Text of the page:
Thursday, November 13, 2008

Random Thoughts

1. A few weeks ago, my older nephew, R., was playing in the kitchen. He had been alone in there for a total of about four minutes when I walked in to discover him perched on the sink, cradling something in his miniature hands. He smiled at me.

"Whatcha got, there?"

He turned around and unfolded his hands. Inside were two white pieces of broken ceramic that, moments before I entered the kitchen, used to form a glass thimble.

"Look -j-j-."

"R. did you break that?"

He nodded.

"I see. We need to go show Mommy."

I hoisted him off the sink and we headed to the computer room. R. hung back as I announced his entry.

"C'mon." I said.

He crept through the door, his hands cupping the remains of the glass thimble, and a grin pasted across his face. Having learned from my own experience that one does not smile when admitting the destruction of another's property, I coached him.

"R., you might not want to look quite so proud when you show her the pieces, know what I mean?"

The smile disappeared and he presented the shards to his mother. She was not happy. The thimble, a token from B.'s ancestral Ireland, had been a point of contention for a while. R. begged to play with it and his parents resisted, knowing the damage R.'s four year mitts could wreak.

Their predictions were 100% correct.

"This was Daddy's special thimble from Ireland, where his family is from. He's going to be very sad, R. and your going to have to tell him what you did."

R. contemplated this for a moment. His eyes shellacked themselves in tears. His lip trembled. His chest heaved a small sob.

"Sometimes accidents make us sad and you have apologize." His mother said, assuming, as I did, his anxiety over confessing to his father.

"I'm not crying about that." More muffled tears.

"What are you crying about?"

R. gasped though his sobs "I just gets to me...I don't know what it is....maybe love?...I don't know..."

He doubled over onto the couch, weeping.

2. The word "moist" has been slandered long enough as one of the most hated words in the English language. "Moist" has never bothered me except when paired with something distasteful.

For instance, "Moist Cake" is delicious. "Moist Earwax" is nauseous.

"Moist" is only as bad as the company it keeps.

The word "Yeast", however, is its very own lingual hooligan. "Yeast" is the equivalent to being trapped in a silent room with 23 people eating mayonnaise.

(The very word Mayonnaise, has a similar effect...23 people in a silent room eating Yeast.)

3a. The Grey Tedium of Change. After the first terrifying and/or exhilarating days of a major turning point, there comes a time of complete and utter boredom. It's the part no one tells you about.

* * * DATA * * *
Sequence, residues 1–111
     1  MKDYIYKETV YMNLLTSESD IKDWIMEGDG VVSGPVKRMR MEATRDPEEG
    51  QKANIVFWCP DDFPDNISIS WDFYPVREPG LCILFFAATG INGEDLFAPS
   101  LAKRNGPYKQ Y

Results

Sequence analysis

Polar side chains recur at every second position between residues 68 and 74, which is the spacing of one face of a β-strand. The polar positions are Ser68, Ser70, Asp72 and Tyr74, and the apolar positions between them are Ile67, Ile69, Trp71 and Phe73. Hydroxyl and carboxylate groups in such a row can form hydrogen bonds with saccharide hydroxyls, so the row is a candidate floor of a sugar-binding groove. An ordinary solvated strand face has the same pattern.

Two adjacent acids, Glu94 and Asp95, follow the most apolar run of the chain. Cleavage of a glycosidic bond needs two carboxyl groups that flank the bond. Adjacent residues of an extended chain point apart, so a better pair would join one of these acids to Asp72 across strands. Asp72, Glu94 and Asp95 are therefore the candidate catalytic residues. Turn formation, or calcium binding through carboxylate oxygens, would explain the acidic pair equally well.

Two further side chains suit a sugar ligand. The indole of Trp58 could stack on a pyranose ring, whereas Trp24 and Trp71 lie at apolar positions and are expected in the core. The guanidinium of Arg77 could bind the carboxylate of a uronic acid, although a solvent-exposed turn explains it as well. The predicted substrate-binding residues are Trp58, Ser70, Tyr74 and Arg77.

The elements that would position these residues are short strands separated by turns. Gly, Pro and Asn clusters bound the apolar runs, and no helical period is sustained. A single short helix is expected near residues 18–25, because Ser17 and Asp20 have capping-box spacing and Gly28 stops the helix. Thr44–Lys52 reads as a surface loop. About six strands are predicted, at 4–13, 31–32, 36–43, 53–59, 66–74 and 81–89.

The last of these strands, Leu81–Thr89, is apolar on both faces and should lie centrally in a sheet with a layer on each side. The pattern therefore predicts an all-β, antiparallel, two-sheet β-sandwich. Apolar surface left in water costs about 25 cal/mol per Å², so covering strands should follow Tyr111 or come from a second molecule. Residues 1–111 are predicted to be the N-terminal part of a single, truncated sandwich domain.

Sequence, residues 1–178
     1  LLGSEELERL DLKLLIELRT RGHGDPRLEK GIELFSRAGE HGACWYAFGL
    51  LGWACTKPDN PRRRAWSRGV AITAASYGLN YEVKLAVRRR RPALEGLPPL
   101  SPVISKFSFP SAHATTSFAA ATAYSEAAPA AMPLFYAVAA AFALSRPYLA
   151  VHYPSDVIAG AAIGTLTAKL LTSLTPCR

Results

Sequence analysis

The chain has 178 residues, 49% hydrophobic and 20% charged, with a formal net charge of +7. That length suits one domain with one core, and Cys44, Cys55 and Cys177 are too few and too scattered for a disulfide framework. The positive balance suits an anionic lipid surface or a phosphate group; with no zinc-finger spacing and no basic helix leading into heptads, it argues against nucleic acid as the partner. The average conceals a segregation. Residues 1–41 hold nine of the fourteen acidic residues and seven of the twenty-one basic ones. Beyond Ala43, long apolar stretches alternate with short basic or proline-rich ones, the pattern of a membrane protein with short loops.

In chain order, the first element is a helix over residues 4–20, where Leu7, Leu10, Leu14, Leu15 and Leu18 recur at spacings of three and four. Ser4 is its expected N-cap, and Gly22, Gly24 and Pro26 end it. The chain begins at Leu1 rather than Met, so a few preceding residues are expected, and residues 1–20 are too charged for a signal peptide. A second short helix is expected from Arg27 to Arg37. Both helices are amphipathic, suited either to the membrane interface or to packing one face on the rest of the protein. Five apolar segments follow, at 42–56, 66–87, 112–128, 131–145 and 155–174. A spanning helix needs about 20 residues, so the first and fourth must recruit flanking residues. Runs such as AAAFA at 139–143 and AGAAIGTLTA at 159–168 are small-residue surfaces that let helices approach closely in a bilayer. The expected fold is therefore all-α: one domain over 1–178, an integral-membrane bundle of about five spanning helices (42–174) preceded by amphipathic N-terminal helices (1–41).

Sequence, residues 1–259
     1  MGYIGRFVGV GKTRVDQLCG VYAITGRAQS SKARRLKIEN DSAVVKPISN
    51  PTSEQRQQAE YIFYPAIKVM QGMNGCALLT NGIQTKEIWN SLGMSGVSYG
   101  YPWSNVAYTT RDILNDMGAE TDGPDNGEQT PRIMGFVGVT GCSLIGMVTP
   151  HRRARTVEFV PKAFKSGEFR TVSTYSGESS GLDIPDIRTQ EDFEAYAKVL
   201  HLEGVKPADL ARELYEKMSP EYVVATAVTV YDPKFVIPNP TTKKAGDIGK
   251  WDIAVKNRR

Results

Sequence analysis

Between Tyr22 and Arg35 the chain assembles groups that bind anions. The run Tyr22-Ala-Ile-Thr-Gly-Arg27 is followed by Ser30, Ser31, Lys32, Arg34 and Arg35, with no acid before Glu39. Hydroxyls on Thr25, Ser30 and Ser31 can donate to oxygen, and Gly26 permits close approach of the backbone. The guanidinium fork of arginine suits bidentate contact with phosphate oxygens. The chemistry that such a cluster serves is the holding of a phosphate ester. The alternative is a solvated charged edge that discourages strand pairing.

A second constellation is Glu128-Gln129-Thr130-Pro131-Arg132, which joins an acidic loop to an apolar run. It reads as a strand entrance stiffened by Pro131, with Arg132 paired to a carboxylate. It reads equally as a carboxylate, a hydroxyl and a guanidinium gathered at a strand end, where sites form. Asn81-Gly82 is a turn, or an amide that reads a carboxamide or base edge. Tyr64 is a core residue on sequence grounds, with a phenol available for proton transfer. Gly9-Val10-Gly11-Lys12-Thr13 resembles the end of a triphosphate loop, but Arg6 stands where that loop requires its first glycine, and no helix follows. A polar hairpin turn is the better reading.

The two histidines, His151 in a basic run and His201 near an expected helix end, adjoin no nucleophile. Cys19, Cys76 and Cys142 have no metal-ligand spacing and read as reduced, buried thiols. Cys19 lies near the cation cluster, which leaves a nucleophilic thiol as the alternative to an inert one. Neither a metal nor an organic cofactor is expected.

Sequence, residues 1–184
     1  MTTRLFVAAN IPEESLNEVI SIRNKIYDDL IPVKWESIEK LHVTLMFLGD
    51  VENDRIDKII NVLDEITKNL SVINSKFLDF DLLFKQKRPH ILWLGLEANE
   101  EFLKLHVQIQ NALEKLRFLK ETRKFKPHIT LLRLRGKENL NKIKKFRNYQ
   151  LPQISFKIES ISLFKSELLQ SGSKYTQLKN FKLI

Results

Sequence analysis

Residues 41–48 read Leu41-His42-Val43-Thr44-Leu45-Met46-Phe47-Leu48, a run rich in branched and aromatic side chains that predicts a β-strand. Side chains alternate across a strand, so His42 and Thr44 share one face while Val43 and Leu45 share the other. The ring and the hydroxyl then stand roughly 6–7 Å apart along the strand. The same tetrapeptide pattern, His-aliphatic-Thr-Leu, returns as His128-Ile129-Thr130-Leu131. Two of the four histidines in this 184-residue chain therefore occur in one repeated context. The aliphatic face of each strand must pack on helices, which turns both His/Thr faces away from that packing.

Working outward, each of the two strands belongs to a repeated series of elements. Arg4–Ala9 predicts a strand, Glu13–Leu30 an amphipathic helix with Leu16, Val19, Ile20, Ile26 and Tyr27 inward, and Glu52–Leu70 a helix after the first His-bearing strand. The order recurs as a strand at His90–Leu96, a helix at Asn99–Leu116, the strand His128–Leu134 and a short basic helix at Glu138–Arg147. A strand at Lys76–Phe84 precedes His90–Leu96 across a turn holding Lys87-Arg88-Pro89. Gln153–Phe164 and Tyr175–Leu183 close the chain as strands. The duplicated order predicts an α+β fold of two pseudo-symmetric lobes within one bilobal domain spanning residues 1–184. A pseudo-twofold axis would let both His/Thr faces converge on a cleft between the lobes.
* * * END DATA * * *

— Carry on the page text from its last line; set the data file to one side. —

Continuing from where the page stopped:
It's not sexy. It's not dramatic. It's driving in bumper to bumper traffic along a stretch of flat highway, nothing to entertain the eye but a solitary farmhouse or silo in the distance, scratchy lite music on the radio. Everything seems a little grey and hollowed out in the prairie state of I Really Should Be More Together By Now. It borders the states of Disproportionate Emotional Response, Weird Public Crying Fits, and Arizona.

I think the clinical term is malaise.

(And, it rhymes with mayonnaise to boot.)

I can barely even be poetic about it. Jesus, this is my second car analogy in a week.

3b. Along those lines (the doldrums, I mean) why is it that nearly every "turning point" movie about guys dwells in that malaise arena? Most "turning point" movies about women are about how free they are and the exuberance of change. Are guys the only ones who get the white noise sadness and 4-yard stares?

4. By some cruel twist, Iron & Wine's The Creek Drank the Cradle has taken up residence in the CD player in the boys room. J. insists, INSISTS, on listening to it over and over, despite my gentle (if increasingly firm) efforts to switch to something a little more upbeat.

I don't care if he is two years old, I'm going to kick this kid's ass.


Erica said...

Regarding point #4: several years ago, a friend of mine's daughter Ariel (who was about 4 or 5 at the time, I think) got in trouble for leaving her toys at the bottom of the stairs where they had been recently stepped on. My friend sent her to her room, and later asked me to take something up there to give to Ariel. When I went into her room, Ariel was sitting in her inflatable chair, all sad and holding a toy, listening to sad Patsy Cline songs on repeat. It was adorable.

Regarding Point #3b: that goes along with what we were talking about a few weeks ago re: lady comedies. Same concept. We can change it.

My word verification is "Mipsi"!!

Crazypants said...

Could R. be more like a Salinger child? I think not, and I love it. Also, you know how I feel about words, and it wasn't right of you to make me read that paragraph.

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